What is Back Driving?
Back drive is the result of the load (thrust force) pushing axially on the nut to create rotary motion. The resulting torque is known as “back-driving torque” and is the torque required to hold a load in position. In a vertical orientation, back drive can occur by the load (or carriage) alone, causing the carriage to drift down. Vibration and other external factors can also cause this movement. Generally, a lead screw with efficiency greater than 50% will have a tendency to back drive.
This can be a disadvantage in applications and may require a form of brake be utilized to support the load typically in a vertical orientation. In some cases, back drivability may be desired to allow an object to be moved if needed.
Below is the formula to calculate back drive torque.
Tb: Back drive Torque (inch pounds)
Pt: Thrust load applied to nut (lbs)
SL: Lead of screw (inches)
Eƒƒ: Ball screw efficiency (≈90%)
Rule of Thumb
Lead screws: Lead screws typically provide efficiency between 20% - 80%
- Lead screws that have an efficiency of 50% or greater will back drive.
- When the screw lead is less than 1/3 of the lead screw diameter back driving will not occur.
- 10mm diameter screw with 2mm lead = 41% Efficiency (<50% will not back drive)
- 10mm diameter screw with 25mm lead = 83% Efficiency (>50% will back drive)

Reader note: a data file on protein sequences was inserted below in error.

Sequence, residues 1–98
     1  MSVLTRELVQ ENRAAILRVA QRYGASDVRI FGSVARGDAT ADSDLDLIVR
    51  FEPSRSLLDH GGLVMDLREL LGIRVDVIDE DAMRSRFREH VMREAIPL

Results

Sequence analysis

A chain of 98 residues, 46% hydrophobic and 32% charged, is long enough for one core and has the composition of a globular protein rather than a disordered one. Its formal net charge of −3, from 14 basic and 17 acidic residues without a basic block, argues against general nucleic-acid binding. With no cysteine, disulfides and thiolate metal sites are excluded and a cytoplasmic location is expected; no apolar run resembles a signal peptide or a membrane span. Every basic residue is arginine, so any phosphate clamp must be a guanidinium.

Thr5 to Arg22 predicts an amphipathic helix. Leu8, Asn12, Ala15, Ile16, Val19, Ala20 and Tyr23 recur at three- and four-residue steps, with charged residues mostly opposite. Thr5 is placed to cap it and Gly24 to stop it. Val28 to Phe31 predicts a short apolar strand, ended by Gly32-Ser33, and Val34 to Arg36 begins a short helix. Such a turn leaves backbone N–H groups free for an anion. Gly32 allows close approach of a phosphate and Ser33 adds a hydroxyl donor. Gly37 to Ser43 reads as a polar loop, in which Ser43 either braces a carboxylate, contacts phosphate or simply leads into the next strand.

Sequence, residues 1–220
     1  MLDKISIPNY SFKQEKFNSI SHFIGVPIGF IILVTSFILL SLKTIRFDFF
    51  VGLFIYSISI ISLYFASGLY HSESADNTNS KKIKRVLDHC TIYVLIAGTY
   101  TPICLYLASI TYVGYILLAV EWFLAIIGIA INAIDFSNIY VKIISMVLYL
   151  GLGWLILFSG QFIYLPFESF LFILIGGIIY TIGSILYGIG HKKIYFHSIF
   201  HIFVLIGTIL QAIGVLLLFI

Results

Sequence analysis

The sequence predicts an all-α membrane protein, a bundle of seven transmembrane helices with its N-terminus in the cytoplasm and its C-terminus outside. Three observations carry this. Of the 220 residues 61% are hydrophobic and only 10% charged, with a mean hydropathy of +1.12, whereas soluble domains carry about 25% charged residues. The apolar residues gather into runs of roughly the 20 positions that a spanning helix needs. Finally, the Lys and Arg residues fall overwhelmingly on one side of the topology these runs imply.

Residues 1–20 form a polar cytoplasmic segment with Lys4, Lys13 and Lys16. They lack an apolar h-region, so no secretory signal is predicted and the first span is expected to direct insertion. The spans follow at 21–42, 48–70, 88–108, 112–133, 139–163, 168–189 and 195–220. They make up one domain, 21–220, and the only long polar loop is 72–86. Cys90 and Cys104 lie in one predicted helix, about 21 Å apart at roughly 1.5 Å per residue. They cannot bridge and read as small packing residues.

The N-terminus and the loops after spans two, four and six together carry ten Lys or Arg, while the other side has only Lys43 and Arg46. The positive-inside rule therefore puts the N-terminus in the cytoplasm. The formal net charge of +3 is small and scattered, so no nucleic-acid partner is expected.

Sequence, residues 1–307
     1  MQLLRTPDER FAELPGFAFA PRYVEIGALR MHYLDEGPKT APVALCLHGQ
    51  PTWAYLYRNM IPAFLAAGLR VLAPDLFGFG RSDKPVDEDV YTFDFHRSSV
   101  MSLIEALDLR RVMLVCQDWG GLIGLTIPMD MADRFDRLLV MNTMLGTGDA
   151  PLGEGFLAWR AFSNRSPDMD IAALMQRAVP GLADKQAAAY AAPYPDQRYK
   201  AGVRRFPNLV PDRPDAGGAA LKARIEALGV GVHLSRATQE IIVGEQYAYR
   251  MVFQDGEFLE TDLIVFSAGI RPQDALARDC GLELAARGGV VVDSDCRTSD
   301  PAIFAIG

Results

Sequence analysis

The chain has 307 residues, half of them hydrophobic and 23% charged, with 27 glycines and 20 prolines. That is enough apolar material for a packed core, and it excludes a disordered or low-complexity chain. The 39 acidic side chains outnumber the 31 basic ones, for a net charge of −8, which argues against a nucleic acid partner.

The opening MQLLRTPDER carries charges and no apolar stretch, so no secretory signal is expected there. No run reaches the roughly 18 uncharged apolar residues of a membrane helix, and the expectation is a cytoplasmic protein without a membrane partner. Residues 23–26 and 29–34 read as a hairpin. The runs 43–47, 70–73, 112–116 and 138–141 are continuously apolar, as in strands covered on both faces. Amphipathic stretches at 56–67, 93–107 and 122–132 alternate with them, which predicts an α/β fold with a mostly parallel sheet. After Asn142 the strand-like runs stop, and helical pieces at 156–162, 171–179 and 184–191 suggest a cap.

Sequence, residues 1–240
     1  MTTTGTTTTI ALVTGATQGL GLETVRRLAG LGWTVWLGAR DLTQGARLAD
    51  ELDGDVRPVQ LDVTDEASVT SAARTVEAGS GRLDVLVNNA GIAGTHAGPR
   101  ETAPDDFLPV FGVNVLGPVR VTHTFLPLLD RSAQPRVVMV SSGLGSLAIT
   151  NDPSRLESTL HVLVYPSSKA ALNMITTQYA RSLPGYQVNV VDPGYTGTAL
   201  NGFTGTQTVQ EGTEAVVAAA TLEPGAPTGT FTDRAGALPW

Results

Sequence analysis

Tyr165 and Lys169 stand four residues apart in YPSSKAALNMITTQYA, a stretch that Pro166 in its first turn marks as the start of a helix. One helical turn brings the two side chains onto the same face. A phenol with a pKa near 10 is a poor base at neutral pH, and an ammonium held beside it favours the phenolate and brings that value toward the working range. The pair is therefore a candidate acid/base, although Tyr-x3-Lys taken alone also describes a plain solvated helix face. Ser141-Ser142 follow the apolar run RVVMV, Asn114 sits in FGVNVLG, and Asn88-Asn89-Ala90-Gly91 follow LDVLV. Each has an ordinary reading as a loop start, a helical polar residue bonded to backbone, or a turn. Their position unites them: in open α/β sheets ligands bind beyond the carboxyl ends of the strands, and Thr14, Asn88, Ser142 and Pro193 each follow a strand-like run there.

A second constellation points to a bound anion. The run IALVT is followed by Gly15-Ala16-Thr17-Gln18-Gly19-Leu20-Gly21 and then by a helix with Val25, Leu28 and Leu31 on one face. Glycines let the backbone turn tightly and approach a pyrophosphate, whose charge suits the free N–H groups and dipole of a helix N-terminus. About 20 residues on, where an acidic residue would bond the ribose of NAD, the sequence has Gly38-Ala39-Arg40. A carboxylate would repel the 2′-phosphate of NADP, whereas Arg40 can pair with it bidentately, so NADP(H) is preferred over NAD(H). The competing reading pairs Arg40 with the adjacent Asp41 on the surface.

Ball screws: Typical Efficiency = 90%
- With a 90% efficiency will back drive.
- This creates the need to provide a form of braking to prevent back driving.
How to improve Lead Screw Efficiency?
- Efficiency increases as the screw lead increases.
- Lead screw efficiency can be improved by increasing the helix angle of the thread.
- 10mm diameter screw with 2mm lead = 41% Efficiency.
- 10mm diameter screw with 25mm lead = 83% Efficiency.
Conventional lubricants are typically not recommended as a form of lubricant with PTFE lead screws & nuts. Lead screws can be provided both with & without PTFE coating.
Lead screws with PTFE coating provides self-lubrication.
- Provides extended life of both lead screw & nut when compared to un-coated screws.
- Provides dry lubrication that will not attract dust & debris.
- Using conventional lubrication can reduce screw coating & nut life.
- Reduces the need for preventative maintenance vs. non-coated or ball screws.
Find more information please download the Lead screw Technology Catalog, or go to the Configurator and click on the Integrated Motor and Lead Screws icon.